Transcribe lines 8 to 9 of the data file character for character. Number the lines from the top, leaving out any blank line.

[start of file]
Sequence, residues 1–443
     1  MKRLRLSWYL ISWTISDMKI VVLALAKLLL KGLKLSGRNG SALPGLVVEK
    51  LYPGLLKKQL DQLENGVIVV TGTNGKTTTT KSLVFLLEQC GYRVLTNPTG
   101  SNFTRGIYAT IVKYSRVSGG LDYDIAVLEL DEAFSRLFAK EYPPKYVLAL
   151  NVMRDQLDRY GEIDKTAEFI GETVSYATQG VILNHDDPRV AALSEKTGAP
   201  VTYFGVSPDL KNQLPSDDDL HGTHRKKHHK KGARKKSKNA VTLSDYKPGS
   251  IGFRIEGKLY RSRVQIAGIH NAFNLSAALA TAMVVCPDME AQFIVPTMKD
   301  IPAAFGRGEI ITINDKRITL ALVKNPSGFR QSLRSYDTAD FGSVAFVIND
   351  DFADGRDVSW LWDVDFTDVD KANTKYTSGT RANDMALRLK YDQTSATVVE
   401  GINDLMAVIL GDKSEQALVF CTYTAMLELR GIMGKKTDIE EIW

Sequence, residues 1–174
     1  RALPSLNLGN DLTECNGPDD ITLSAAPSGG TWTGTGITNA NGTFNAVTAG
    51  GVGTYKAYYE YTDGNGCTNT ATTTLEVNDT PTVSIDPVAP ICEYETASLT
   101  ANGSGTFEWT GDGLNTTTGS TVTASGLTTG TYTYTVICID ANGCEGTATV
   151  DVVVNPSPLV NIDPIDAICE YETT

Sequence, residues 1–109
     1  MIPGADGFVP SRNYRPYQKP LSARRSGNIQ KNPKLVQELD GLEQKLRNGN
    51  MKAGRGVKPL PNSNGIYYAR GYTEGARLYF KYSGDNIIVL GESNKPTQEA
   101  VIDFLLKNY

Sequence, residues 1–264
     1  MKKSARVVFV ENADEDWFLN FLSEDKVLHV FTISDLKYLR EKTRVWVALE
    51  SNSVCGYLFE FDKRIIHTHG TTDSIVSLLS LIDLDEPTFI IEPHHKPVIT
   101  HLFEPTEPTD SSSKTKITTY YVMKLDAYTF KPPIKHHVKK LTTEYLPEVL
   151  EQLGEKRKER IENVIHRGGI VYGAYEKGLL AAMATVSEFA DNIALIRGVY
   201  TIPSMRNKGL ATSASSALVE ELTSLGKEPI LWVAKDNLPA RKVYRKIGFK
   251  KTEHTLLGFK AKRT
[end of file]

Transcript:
   301  IPAAFGRGEI ITINDKRITL ALVKNPSGFR QSLRSYDTAD FGSVAFVIND
   351  DFADGRDVSW LWDVDFTDVD KANTKYTSGT RANDMALRLK YDQTSATVVE